The Forty-Ninth Parallel

Watch The Forty-Ninth Parallel

  • NR
  • 1942
  • 1 hr 44 min
  • 7.3  (7,553)

The Forty-Ninth Parallel is a 1941 British war film directed by Michael Powell, starring Leslie Howard, Laurence Olivier, and Raymond Massey. The film aims to showcase the importance of unity within the British Empire during World War II, using a thrilling story of German sailors stranded in Canada. The movie opens with a German U-boat navigating through Canadian waters, heading towards Hudson Bay. When they are discovered by a Canadian anti-submarine aircraft, the U-boat launches an attack that damages the aircraft, forcing it to crash-land. The German sailors then capture the remaining survivors, including a French-Canadian trapper named Johnnie (played by Tom Skerritt).

As they make their way towards the nearest settlement, they encounter various obstacles and challenges, including difficult terrain, hostile animals, and a brave member of the Royal Canadian Mounted Police (played by Laurence Olivier). Along the way, their belief in the superiority of the Aryan race is challenged by their interactions with Native Canadian tribes and other diverse groups.

Meanwhile, back in England, a group of Nazis plan to rescue their stranded comrades and bring them back to Germany. They send a team of saboteurs led by Lieutenant Hirth (played by Eric Portman) to carry out their mission. The saboteurs make their way across Canada, leaving a trail of destruction in their wake, and encountering resistance from both the authorities and ordinary citizens.

The film's primary message is about the importance of unity and solidarity in the face of a shared threat, as embodied by the diverse group of Canadian citizens who band together to resist the Nazi incursion. The film's heroes are not just the valiant members of the Royal Canadian Mounted Police, but also the ordinary Canadians who stand up to the Nazis, both in the wilderness and in the cities.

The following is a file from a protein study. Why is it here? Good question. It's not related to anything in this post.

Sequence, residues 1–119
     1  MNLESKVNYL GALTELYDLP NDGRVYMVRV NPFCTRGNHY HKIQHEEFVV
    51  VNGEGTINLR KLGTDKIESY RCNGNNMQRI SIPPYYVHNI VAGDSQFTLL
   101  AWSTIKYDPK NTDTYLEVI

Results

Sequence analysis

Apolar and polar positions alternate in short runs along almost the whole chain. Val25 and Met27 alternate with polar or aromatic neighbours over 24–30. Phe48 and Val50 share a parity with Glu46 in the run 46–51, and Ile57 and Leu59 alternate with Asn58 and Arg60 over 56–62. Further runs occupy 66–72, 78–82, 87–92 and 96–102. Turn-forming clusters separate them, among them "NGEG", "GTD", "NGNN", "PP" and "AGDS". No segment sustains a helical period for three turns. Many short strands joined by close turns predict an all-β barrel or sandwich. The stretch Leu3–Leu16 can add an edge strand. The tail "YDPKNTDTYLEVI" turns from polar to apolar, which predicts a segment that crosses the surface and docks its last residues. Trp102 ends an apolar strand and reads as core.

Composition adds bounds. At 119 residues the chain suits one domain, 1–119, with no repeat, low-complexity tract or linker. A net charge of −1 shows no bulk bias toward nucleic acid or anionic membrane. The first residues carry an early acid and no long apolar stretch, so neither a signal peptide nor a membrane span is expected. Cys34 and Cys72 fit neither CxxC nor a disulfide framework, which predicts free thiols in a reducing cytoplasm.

The film is notable for its excellent performances, particularly those of Leslie Howard and Raymond Massey. Massey, in particular, is excellent as the trapper who bonds with the German sailors despite their philosophical differences. His portrayal of a pragmatic, no-nonsense Canadian who values his freedom and his country above all else provides the film with a much-needed dose of gravitas.

The cinematography of The Forty-Ninth Parallel is also outstanding, capturing the rugged beauty of the Canadian wilderness alongside the grittier urban landscapes. The stark contrast between the open, unspoilt landscape and the menacing presence of the Nazi saboteurs is a recurring theme throughout the film.

The final showdown between the Canadians and the saboteurs is tense and exciting, with the film culminating in a rousing call-to-arms against fascism. The film is not content to simply show the triumph of the Canadians over the Nazis, but it also takes the time to acknowledge the hardships and losses that come with war.

In summary, The Forty-Ninth Parallel is a thrilling and thought-provoking war film that remains relevant today. Its message of unity and resistance against fascism is as important as ever, and its themes of diversity and tolerance are a reminder of the value of embracing difference in the face of adversity. The film's excellent performances, breathtaking cinematography, and compelling story make it an enduring classic of the genre.

The Forty-Ninth Parallel
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  • Release Date
  • MPAA Rating
  • Runtime
    1 hr 44 min
  • IMDB Rating
    7.3  (7,553)